Old News Archive

To: The Maine Equine Community

April 03, 2007 - TRC


STATUS UPDATE ON EQUINE HERPES VIRUS TYPE 1 (EHV-1)

The latest information on the EHV-1 situation in Maine is as follows:
1) To date, three horses have died at the Rome farm: a 17 year old died on March 18; a three year old was euthanized on March 19 and this horse was confirmed by lab tests as positive for the neurotropic form of EHV; a 30 year old died suddenly on March 28 after exhibiting seizures and no apparent other signs. Blood testing on this horse was inconclusive as there was an insufficient quantity of blood to accurately test.
2) The eight year old mare at the Wales farm tested positive for EHV-1 on both blood and nasal swab. She is currently continuing to recover. At both farms, temperatures are being monitored on all horse twice a day.

Quarantines at both farms will be in place for at least 21 days after the last clinical signs have resolved. It is likely that the Department will require some form of EHV-1 testing before the quarantines will be released but the exact nature of this protocol has yet to be determined. (According to Dr. George Allan of the University of Kentucky, there is no evidence that recovered horses pose any greater risk for infection of susceptible horses than a random assortment of animals). EHV-1 is present throughout most of the world and almost all horses older than two years of age have been exposed.

The most common means of transmission of EHV-1 is by direct contact with infected horses through aerosol transmission of droplets from coughing or snorting. Additionally, mares who have aborted will shed the virus in vaginal fluids and aborted fetuses are also sources of virus. Respiratory shedding generally lasts for 7-10 days but may persist for somewhat longer. Depending on the weather (viruses survive well in the cold, the damp and the dark and donít survive long under hot, dry, sunny conditions), the virus may persist in the enviroment for several weeks. Inanimate objects such as grooming tools, water and feed buckets and contaminated clothing or footwear can also be potential sources of spread. Therefore, all horse owners and people who conduct business on horse farms (feed trucks, farriers, veterinarians, sales people, etc.) should practice strict biosecurity. This includes changing coveralls when traveling between farms, cleaning and disinfecting all equipment used when treating or handling horses and cleaning and disinfecting footwear or boots between farms. An excellent and cheap disinfectant solution can be made by adding five tablespoons of household bleach per one gallon of water. This should only be used after surfaces have first been thoroughly cleaned of all organic matter and dirt.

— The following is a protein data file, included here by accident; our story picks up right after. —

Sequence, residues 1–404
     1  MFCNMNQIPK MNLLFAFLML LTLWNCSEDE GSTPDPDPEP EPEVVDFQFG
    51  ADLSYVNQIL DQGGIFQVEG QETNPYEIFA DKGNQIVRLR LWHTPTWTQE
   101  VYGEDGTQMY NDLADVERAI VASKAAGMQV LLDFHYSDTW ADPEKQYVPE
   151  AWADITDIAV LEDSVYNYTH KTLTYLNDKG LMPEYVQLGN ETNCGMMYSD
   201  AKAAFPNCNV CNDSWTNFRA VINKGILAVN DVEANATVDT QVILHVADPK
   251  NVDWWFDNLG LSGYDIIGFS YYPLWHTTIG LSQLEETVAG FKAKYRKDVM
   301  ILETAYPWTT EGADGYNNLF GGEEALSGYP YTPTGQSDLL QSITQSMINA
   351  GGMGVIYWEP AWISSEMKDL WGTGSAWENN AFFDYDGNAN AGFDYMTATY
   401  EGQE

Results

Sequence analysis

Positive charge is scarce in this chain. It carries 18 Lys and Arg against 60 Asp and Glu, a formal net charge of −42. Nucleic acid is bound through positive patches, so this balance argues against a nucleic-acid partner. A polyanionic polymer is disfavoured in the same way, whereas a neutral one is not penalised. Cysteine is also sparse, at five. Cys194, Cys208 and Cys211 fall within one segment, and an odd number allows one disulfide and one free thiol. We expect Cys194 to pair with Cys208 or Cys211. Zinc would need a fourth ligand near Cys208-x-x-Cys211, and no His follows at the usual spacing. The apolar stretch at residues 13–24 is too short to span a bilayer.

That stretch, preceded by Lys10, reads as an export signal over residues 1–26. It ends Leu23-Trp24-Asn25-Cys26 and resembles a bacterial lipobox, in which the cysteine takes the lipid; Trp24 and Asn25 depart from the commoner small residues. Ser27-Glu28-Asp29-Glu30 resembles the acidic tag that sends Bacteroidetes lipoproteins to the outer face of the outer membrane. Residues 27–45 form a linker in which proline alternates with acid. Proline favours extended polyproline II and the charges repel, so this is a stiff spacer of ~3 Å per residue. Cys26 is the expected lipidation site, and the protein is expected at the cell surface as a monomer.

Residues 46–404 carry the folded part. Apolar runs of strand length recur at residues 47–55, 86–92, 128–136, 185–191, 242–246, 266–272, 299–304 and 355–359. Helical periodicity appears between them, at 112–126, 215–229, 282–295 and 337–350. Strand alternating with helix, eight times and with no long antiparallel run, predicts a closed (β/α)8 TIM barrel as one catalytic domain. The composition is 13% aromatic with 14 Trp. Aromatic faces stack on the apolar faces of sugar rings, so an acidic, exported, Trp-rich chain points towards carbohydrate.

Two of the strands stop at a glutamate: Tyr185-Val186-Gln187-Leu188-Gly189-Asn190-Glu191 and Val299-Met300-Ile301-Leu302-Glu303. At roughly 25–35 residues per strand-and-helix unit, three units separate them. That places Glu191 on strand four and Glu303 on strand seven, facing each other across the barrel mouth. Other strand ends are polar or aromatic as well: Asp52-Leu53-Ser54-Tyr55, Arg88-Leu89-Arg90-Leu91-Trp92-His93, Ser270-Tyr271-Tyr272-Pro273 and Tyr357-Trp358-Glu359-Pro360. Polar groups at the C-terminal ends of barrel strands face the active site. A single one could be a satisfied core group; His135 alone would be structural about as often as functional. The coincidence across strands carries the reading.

The issue of whether to continue to hold events such as shows, races, training courses, trail rides and other gatherings of horses should be carefully evaluated in consultation with your practicing veterinarian. Each case is unique and there is no one-size-fits-all approach that can be recommended. Previously, in consultation with a group of Maine veterinarians and equine professionals, the Department recommended that all fairs, race tracks and training facilities require EHV-1 vaccination, not less than 14 days or more than six months, before entering their facilities. While this group realizes that the role of the vaccine in preventing the neurologic form of EHV-1 is controversial, we nevertheless feel that vaccinating is a prudent measure at this time. Other states in the region have made similar recommendations. Your veterinarian can consult with you further on the specific type and timing of the vaccine.

Maine Department of Agriculture will continue to keep you updated as new information is available.

In the meantime, please feel free to call if you have any questions or check our website at http://www.maine.gov/agriculture/ahi/diseases/index.html for more information.


NOTE - This article reflects the views of the author and not necessarily those of the TRC Alliance Team.